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New Line's "The Robber Bridegroom," 2005


THE ROBBER BRIDEGROOM is a funny, rowdy, sexy adaptation of Eudora Welty's famous novel set in Natchez, Mississippi, about a "gentleman robber," the girl he wants, the greedy, sex-crazed stepmother who wants to seduce him and kill her, the idiot thieves who mistakenly kidnap the stepmother, and lots more zaniness, all set to an infectious Broadway/bluegrass hybrid of a score. 

The Robber Birdegroom is set in America's rough-and-tumble past, just about the time our Founding Fathers were creating our new nation. But the folks in the Natchez Trace weren't drafting a Constitution. No, they were lying, thieving, killing, and screwing. This wasn't the America of waistcoats, powdered wigs, and British tea. This was the real America -- rough, dangerous, uncivilized, lustful, and real damn funny. Underneath its raw, bawdy humor, the show explores America's self-delusion that we've civilized out of ourselves our animal natures, our still strong primal urges toward sex and violence. And in this increasingly sexualized culture, in which cosmetic surgery is becoming more and more common, this tale about physical beauty and lust is more relevant than it has ever been before -- and it reminds us that nothing has really changed...

The show began life as the very first production of Broadway producer Stuart Ostrow’s non-profit Musical Theatre Lab, at the Theatre at St. Clement’s in New York in the early 1970s, the institution that would invent the “workshop” process for musicals, a process most famously used by Michael Bennett for A Chorus Line. This first production of THE ROBBER BRIDEGROOM starred Raul Julia as the gentleman robber Jamie Lockhart. Then producer-director John Houseman’s group The Acting Company took the show to the Saratoga Performing Arts Center in Saratoga Springs in upstate New York, now with Kevin Kline and Patti LuPone in the leads, both of whom were recent graduates of Juilliard, of which Houseman had been one of the founders. Houseman then took it on to the Ravinia Festival in Chicago during the summer of 1975. The Acting Company opened the show in New York (as a one-act) in October 1975 for a limited run at the Harkness Theatre (geographically off Broadway but technically on Broadway). Kline and LuPone remained in the leads, with Gerald Freedman (HAIR's original director) at the helm. The production went on a very successful national tour for a year with the cast from the Harkness. But while they were on tour, the producers decided the show was doing well enough with audiences that they should open it on Broadway. So while the tour was still running, they opened a new production on Broadway. Unfortunately, that meant no one who had created these roles would be able to play them on Broadway since they were all still on tour.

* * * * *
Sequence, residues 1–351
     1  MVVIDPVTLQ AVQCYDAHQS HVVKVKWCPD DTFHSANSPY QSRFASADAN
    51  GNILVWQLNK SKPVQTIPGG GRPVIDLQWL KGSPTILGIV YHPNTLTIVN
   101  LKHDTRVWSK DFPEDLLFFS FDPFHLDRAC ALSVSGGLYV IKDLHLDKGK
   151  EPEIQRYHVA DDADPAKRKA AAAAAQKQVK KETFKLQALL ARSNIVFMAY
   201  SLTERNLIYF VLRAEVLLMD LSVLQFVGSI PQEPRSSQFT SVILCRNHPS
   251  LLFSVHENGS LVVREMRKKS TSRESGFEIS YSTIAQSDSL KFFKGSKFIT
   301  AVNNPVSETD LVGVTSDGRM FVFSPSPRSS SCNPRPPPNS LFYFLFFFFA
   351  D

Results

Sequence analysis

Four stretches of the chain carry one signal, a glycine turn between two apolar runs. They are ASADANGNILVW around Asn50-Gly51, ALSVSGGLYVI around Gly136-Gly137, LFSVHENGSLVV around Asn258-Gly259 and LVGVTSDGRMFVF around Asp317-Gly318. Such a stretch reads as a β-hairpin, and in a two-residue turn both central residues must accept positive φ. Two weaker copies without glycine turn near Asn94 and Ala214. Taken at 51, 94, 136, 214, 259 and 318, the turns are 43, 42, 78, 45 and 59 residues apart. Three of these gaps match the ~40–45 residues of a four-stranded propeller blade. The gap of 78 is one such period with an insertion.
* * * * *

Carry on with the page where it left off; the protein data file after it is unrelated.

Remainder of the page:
The New York Post called Robert Waldman and Alfred Uhry's songs "a truly ingenious score, somehow managing to be country and theatrical, melodic and interesting, catchy but not obvious... Here is the combination of theatrical instinct and musicianly technique that has always invigorated our musical stage." 



Want to explore more? We recommend:  

The original Broadway cast album

The MTI website's Robber Bridegroom page, or another good plot synopsis.

Eudora Welty's novella, on which the musical is based

Director Scott Miller's background notes on the show

An excellent book about the history of the Natchez Trace, A Way Through the Wilderness

A site about Rodney, Mississippi, where the story is set, and another Rodney site, and a good webpage about the Natchez Trace

The Eudora Welty Newsletter online, and a good biography of Welty; also the Eudora Welty Fuondation website, and the Eudora Welty webpage on the Mississippi Writers website

The Brothers Grimm's original version of The Robber Bridegroom

A listing of bluegrass bands and related news in the St. Louis area, and  upcoming bluegrass performances in the area

  St. Louis district of the Missouri Federation of Square and Round Dance Clubs; also a site of square dance moves




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